US 3484970 A
Description (OCR text may contain errors)
Dec. 23, 1969 A. A. BERLINSKY ET AL 3,484,970
AUTOMATIC SHEET TURNER USING A ROTATNG VACUUM HEAD Filed March 22, 1968 6 Sheets-Sheet l Gordon W Peamon Norman C. Krebeck By www ATTORNEY Dec. 23, 1969 A. A. BERLINSKY ET AL U 3,484,970
AUTOMATIC SHEET TURNER USING A ROTATING VACUUM HEAD Filed March 22, 1968 6 Sheets-Sheet 2 AUTOMATIC SHEET TURNER USING A ROTATING VACUUM HEAD Filed March 22, 1968 Dec. 23, 1969 A. A. BERLINSKY ET Al. 3,484,970
AUTOMATIC SHEET TURNER USING A ROTATING VACUUM HEAD Filed March 22, 1968 6 Sheets-snee?l 4 Dec. 23, 1969 A. A. BERLINSKY ET AL AUTOMATIC SHEET TURNER USING A ROTATNG VACUUM HEAD Filed MarOh 22, 1968 6 Sheets-Sheet Dec. 23, 1969 A, A, BERLINSKY ET AL 3,484,970
AUTOMATIC SHEET TURNER USING A ROTATING VACUUM HEAD Filed March 22 6 Sheets-Sheet 6 SOURCE OF- VACUUM United States Patent O 3,484,970 "AUTOMATIC SHEET TURNER USING A i ROTATING VACUUM HEAD Anthony A.- Berlinsky, Silver Spring, Md., and Robert J. Varson, Gordon W. Pearson, and Norman C. Krebeck, Washington, D.C., assignors to the United States of America as represented by the Secretary of Commercf Filed Mar. 22, 1968, Ser. No. 715,343 Int. Cl. G09f 11/06 U.S. Cl. 40--104 7 Claims ABSTRACT F THE DISCLOSURE An arrangement is described for turning the sheets of a booklet. A vacuum head is rotated on an arm and is also rotated around its longitudinal axis. As the head engages the edge of a sheet, it is attracted to the head and turned. The sheet is then flattened by a brush or roller.
BACKGROUND lOF THE INVENTION This invention may be used to automatically turn and flatten the sheets of a booklet when the pages of the booklet are to be photographed on microiilrn. The sheets are attened to obtain a high degree of uniformity of reduction in taking the photograph. This is desirable when the microfilm is -to be used with a scanner that requires a high degree of precision in the location of marking positions on the sheets and in particular when the sheets have been folded before being photographed.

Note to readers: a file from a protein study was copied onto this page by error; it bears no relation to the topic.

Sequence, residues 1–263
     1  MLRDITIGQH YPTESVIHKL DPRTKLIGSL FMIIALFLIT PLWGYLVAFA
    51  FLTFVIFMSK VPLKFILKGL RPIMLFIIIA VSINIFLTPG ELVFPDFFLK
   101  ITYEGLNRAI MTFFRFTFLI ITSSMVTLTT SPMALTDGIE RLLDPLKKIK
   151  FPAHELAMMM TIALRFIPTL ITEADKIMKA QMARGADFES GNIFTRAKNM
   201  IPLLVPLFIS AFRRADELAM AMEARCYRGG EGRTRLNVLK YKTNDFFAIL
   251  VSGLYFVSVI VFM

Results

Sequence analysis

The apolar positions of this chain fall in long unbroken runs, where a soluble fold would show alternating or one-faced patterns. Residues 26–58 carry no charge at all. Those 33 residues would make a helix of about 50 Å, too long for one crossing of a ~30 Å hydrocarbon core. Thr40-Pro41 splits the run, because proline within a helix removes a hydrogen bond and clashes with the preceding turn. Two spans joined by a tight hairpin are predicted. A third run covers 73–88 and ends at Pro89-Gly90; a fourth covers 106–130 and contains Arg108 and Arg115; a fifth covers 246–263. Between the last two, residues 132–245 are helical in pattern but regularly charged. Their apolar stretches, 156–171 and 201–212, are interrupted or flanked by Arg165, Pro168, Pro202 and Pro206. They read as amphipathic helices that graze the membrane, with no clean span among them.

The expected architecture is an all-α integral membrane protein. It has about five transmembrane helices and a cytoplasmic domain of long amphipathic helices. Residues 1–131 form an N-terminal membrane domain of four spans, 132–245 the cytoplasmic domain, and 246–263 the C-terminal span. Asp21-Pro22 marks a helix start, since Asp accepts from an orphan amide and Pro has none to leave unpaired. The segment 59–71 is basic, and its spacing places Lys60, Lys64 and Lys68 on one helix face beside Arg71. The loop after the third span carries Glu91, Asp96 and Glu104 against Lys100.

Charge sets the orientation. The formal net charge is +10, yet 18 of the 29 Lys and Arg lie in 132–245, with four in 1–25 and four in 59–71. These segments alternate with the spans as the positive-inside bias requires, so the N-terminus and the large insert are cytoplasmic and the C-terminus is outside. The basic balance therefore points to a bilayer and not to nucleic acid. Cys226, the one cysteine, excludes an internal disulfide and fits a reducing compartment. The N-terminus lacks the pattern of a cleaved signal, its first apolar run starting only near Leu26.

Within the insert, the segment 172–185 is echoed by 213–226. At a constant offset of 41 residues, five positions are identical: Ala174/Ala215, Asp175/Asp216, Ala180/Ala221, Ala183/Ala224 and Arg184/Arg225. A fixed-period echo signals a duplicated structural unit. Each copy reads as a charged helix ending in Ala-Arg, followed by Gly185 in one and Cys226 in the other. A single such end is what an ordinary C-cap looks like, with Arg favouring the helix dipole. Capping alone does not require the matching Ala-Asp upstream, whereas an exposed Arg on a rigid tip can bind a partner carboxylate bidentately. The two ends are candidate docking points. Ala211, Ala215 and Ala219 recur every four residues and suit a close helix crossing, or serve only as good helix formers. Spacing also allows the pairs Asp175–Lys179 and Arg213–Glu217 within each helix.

The scanner could be of the type used in the FOSDIC System (a. lm optical sensing device for input computers) and the booklets could be census questionnaires. When the questionnaires are receive-d at the Bureau of Census, an image of each page is transferred to 16 mm. microtilm. The ilm is fed into the FOSDIC System where each part of the recorded information is located by means of related marking positions on the film. The information is then scanned and concisely recorded on magnetic tape ready for computer input.
SUMMARY OF THE INVENTION In one embodiment of the inventive concept, a booklet is placed on a table and is held in a flattened position by means of vacuum. A vacuum head is rotated around its longitudinal axis and is also rotated in a selected plane on the end of a rotating arm. A source of vacuum is applied to the head during a time interval that starts prior to when the vacuum head engages an edge of a sheet of the booklet and extends to the time after the head passes the center of the booklet. As the head engages the edge of the sheet, it is attracted to the head by means of vacnum, and as the head continues to rotate the. sheet is turned. A brush is positioned to sweep the sheet during a time interval that starts after the sheet has been turned, and thereby ilattens it against the vacuum able.